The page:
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Secondly, the lining process does not stop the existing flow of groundwater in the old pipe backfill and bedding soil trench; this results in a continuation of the “French Drain” effect that flows groundwater around the outside of the old pipe “downstream” toward any entry point the infiltrating water can find into the sewer service and main piping. While infiltration flow into the sewer is initially reduced by lining, the water table adjacent to the sewer pipe may actually raise over time, increasing pressure and infiltration rates into the main at the lateral connections through many points including lateral service connections and break-in connection taps and adjacent service pipe joints. From this annular space, infiltration flow is being released at the service connection cutout.

Grouting Chemicals Remain Fully Hydrated in Active Sewers

The sealing chemical does not shrink or dry out because it is in contact with the sewer and groundwater, wicking water from both sources and maintaining its water of hydration and effective soil seal volume and plasticity.

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A specially built grout delivery packer is easily maintained and effective tool

The chemical injection packer used for lateral grouting forms three seals within the lateral connection structure. The main is blocked off immediately above and below the lateral connection and a third plug is concurrently launched up the lateral line to a predetermined distance from the main (normally 1 to 8 ft but occasionally as much as 15 to 30 ft). Once the packer is positioned in place, the bladders are inflated and the lateral pipe and connection are isolated.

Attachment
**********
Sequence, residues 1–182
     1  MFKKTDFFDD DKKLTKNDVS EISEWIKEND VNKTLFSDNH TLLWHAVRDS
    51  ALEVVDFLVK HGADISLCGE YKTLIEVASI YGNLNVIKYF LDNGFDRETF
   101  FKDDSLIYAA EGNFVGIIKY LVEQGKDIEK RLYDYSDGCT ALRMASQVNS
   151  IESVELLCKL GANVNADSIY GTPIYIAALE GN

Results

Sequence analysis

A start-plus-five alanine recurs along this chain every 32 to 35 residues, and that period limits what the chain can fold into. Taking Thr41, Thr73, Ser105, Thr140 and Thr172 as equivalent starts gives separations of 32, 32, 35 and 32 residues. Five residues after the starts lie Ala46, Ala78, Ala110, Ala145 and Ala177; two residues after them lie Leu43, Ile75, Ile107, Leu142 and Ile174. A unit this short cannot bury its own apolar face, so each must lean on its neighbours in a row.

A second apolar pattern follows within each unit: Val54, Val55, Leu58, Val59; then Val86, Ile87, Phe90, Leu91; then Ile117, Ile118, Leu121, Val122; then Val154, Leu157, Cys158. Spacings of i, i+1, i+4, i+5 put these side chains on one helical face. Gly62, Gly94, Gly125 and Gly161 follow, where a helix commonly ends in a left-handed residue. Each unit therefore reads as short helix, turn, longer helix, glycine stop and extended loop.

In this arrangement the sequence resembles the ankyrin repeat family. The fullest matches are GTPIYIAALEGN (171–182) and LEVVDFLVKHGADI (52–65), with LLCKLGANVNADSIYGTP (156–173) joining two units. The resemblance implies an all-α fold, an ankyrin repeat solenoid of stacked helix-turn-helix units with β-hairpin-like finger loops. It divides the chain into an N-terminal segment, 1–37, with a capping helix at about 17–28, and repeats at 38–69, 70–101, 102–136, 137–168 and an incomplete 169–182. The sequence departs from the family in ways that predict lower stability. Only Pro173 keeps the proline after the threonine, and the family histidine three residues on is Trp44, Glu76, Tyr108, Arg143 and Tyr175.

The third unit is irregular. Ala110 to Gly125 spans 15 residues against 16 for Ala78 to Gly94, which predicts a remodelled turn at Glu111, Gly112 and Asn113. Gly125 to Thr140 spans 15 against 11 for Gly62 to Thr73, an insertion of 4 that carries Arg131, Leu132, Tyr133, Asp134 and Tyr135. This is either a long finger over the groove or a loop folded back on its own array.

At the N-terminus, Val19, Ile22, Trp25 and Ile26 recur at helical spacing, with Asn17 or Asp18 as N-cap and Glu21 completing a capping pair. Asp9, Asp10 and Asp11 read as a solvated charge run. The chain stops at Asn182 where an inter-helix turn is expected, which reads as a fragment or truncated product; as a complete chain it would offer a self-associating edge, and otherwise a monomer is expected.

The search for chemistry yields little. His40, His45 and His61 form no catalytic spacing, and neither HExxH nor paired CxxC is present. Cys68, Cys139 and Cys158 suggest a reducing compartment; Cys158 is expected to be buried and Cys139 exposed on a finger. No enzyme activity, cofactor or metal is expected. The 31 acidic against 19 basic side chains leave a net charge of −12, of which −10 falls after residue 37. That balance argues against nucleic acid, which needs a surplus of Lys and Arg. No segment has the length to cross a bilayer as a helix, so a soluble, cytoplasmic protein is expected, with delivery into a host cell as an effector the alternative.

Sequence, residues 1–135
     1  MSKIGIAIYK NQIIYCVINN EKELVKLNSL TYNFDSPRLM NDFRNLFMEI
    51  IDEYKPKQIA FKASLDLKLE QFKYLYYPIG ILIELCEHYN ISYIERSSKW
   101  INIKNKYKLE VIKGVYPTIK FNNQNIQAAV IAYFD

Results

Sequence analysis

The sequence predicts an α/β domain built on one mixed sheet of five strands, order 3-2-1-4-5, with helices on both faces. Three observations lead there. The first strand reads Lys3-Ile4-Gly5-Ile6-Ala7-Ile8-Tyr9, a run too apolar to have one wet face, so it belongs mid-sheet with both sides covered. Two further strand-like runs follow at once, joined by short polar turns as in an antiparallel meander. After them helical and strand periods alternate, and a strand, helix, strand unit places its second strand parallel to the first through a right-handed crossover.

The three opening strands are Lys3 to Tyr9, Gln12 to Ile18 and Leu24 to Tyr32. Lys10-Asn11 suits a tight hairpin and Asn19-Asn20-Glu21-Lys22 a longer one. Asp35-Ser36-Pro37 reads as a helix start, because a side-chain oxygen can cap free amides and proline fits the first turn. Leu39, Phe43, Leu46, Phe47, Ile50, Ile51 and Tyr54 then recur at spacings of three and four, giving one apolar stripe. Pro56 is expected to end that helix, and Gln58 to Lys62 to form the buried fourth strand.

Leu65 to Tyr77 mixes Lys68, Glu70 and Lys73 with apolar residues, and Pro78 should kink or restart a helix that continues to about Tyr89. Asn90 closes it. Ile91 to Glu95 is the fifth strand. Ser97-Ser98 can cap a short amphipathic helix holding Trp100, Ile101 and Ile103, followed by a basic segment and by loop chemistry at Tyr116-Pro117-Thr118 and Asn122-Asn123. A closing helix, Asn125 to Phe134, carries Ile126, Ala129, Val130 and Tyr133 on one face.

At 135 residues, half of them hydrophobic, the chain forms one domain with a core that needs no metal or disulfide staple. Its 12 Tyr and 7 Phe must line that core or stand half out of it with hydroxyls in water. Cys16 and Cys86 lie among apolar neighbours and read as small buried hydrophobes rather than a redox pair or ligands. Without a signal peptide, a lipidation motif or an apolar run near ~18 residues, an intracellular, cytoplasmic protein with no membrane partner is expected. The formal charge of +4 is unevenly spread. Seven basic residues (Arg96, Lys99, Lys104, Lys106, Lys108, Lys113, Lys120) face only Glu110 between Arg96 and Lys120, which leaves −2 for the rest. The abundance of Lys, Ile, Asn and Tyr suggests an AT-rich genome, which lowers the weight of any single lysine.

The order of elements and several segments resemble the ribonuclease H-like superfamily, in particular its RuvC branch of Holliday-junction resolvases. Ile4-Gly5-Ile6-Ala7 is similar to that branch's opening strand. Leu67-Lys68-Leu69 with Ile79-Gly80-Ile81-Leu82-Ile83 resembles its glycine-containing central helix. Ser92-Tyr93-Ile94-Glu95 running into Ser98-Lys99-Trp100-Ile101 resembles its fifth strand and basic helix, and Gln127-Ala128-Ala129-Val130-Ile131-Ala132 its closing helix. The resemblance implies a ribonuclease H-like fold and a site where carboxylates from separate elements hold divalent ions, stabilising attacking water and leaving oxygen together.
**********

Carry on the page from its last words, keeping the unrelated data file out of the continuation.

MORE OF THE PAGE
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This isolated volume of air and water captured between the plug ends, referred to as the void area, is the space where the chemical grout is injected, mixes and then under continual pumping pressure flows out of the void into the surrounding soil and into the liner annular space up to a distance of 3 to 5 ft or more. As the sealing chemical is being pressure-injected into the void area, the void pressure is monitored by the operator. As the process continues, the operator will see an increase in void chemical pressure, indicating the sealing chemical is flowing further out into the soil and liner annulus. After a short pumping period, the chemical mix will begin to gel and the void pressure will rapidly rise, signifying to the operator that the grout chemical has gelled and the connection is sealed. At this point, pumping is ceased and the grout is allowed to cure for a period of about one minute.

Chemical Grouting Process Is Adaptive and Effective

The two-part, water-based grouting chemicals are environmentally safe and harmless when correctly handled. The chemicals are initially kept separate by using two independent solution tanks, pumps and a multi tube hose system that delivers the chemicals up to 700 ft away from the grout truck system making most sewer joints and laterals easily accessible from manholes.  

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Grout Operator Training and Specification Writing Information Available

Training for grouting specification writers, inspectors and equipment operators can be obtained through
the training courses run by industry suppliers. These courses and related chemical grouting information can be obtained through the Infiltration Control Grouting Association (ICGA), a Division of the National Association of Sewer Service Companies (NASSCO) at

Dick Schantz, P.E., is product manager at Aries Industries.